Two days before he was to sentence a neo-Nazi leader, a federal judge said he needs more time to consider whether William A. White was improperly convicted of encouraging his fellow racists to harm a juror whose verdict they disliked.
White, head of the Roanoke-based American National Socialist Workers Party, had been scheduled for sentencing Wednesday in U.S. District Court in Chicago. But on Monday, Judge Lynn Adelman postponed the hearing indefinitely while he considers a request by White's lawyers to reverse his conviction.
In January, a Chicago jury found White, 33, guilty of using his website to solicit violence against the foreman of a jury that convicted another white supremacist of trying to have a judge killed.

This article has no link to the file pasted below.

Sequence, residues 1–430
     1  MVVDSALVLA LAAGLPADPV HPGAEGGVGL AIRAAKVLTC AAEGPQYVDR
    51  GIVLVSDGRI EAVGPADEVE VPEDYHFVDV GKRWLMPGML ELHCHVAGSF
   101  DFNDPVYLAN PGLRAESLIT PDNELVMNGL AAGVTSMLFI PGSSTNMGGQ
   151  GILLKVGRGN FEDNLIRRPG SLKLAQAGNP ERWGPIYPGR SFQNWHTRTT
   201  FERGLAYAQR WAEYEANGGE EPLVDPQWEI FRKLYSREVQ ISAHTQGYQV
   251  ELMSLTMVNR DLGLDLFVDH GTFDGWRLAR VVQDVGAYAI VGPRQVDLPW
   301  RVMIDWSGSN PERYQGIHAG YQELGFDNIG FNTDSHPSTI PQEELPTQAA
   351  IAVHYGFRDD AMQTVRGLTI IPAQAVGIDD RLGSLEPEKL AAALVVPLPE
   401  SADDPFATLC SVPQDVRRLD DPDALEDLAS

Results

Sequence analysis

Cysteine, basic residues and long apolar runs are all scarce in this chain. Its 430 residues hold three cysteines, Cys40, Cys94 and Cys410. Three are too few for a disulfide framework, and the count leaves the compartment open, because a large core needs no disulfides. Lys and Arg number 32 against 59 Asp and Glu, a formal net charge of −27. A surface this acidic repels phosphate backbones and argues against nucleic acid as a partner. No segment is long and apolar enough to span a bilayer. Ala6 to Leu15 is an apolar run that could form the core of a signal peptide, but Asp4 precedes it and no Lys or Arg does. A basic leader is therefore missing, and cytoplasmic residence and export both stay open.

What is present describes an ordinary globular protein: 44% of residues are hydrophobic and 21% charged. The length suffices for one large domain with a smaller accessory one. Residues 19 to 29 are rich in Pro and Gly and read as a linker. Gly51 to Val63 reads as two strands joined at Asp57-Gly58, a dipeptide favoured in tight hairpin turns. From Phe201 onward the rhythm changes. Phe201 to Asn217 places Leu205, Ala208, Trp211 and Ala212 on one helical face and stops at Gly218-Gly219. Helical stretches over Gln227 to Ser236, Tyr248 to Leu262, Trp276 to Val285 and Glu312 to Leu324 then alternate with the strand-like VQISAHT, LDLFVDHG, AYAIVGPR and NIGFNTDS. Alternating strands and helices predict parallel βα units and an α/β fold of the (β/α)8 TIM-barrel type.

Defense lawyers are hopeful that Adelman -- who had previously dismissed the charge against White on First Amendment grounds before being reversed by an appeals court -- will again rule in their favor.
"The fact that he's doing this gives me hope," attorney Nishay Sanan said of the judge's decision to put off the sentencing.
White, whose Internet postings earned him prison time and a reputation as one of the nation's loudest neo-Nazis, has already completed a two-and-a-half-year sentence for making racially motivated threats from his home computer in Roanoke.
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